With Sugano Sensei, you would see him move in freestyle similarly to a basketball player dribbling, moving and looking for an opportunity for a layup. Then he would suddenly turn as an attacker went after him. If someone grabbed him, you would see him unbalance them at the point of contact.
Here you can see his movement in a more classical approach:
Clearly he had strong position, but his movement was not as open as I described above.
Hitohiro Saito did an exercise for freestyle during a seminar when all the attackers would grab. And they meant to grab powerfully and lock him down. He used his strong hips to burst into sudden turning movements. Despite very strong grips, no one could hold on. He simply kept turning throughout the freestyle, never doing a technique. He was demonstrating that you did not even need to do techniques against a grab, as no one could hold him.
These are different styles of training in freestyle and both are quite useful. But I would say that the lesson from Hitohiro Saito’s approach is excellent to build confidence in one’s ability to defend themselves. If you have that skill, then the additional tools of Sugano Sensei’s training are very useful. Of course, Sugano Sensei’s approach is also used in the Iwama style.
A good example here:
You can see the movement of Sugano Sensei, plus a good deal of power in evidence. This shows the benefits of the complete Iwama System.
He was trained extensively by Sugano Sensei for many years. You can see in this video elements of the timing that Sugano Sensei taught. However, from time to time in the freestyle he found himself with two attackers grabbing him at the same time.
These attackers, as was discussed in the videos on attacking, were not there to cooperate and throw themselves once Nathalis directed them. Their intent was to lock him up so they could gang up on him. Nathalis had to generate the power to move two attackers simultaneously, or shove one into another so their attack was disabled.
So by using the timing he learned from Sugano Sensei, and then merging in the practice of strong hips, he was easily able to handle the problem as you can see.
Sugano Sensei did find himself dealing with two attackers simultaneously from time to time. At the moment of contact, typically any attacker would be caught off guard and off balance. I am familiar with the tactic from years of taking ukemi from him. Escaping a multiple grab in that environment was not difficult. But he also showed strong hips and had the ability to move people as needed. However, many senior students of his did have difficulty when faced with this kind of situation. Nathalis, however, was easily able to escape by applying the strong hips he learned in the Iwama style to complement what he learned from Sugano Sensei.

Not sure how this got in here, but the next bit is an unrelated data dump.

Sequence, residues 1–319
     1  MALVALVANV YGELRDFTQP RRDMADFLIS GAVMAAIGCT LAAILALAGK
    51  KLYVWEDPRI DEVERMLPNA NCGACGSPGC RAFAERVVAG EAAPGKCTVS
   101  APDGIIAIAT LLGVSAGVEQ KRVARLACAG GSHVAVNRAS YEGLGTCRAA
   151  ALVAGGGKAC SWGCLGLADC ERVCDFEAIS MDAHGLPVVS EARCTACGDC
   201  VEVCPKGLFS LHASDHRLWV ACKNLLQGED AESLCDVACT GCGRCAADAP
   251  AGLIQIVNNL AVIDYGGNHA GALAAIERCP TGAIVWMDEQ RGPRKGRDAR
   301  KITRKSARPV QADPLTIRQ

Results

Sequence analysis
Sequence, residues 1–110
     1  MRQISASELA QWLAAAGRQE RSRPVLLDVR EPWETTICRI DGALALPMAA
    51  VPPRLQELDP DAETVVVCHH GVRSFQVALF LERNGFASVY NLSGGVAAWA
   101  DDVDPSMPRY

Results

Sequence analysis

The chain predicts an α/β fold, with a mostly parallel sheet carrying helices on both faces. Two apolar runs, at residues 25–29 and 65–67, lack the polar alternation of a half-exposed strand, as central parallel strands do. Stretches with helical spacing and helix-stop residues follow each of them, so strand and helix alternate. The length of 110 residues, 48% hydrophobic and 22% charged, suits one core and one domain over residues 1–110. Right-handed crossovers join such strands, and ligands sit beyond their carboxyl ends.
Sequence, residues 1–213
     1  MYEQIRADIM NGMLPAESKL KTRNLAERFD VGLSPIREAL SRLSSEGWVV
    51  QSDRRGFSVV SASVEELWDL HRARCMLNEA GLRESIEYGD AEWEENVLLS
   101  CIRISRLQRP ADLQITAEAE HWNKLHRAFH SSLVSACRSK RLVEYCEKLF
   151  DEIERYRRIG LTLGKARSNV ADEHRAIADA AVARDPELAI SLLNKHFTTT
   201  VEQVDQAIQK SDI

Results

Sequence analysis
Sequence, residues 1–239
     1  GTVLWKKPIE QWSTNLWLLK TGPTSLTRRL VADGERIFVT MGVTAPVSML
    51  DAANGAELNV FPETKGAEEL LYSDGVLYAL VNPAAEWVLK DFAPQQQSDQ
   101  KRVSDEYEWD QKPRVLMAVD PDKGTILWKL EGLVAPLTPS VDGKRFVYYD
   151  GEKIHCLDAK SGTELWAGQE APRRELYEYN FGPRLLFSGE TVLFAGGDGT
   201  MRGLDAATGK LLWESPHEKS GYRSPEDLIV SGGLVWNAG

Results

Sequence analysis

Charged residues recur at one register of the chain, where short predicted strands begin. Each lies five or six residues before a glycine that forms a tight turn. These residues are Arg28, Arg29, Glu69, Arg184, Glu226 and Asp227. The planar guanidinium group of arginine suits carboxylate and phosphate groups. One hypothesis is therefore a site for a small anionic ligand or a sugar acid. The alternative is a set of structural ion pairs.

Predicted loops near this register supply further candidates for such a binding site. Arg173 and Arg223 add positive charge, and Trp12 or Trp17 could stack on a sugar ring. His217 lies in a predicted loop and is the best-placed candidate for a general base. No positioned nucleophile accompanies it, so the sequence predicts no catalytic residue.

It is interesting that Sugano Sensei did cover the material presented in this video, but from the perspective of flowing technique.
Saito Sensei explained how to attack strongly in static technique so you could follow the process step by step. As Sugano Sensei did not really emphasize static technique, his explanation was related more to flowing technique.
Specifically, he covered how to protect yourself as an attacker both in falling and how to set up the counter. He was succinct. “You should never allow yourself to be placed in a position where you need to break fall.” You had to study. He meant that you should take the development of perception from your throwing practice, and use it to see where the person was going to throw you when you were the attacker. If you get there first and have strong hips (a term he did not use), you would take the fall at your own speed. Also, you were well positioned to counter the technique if the practice session called for it.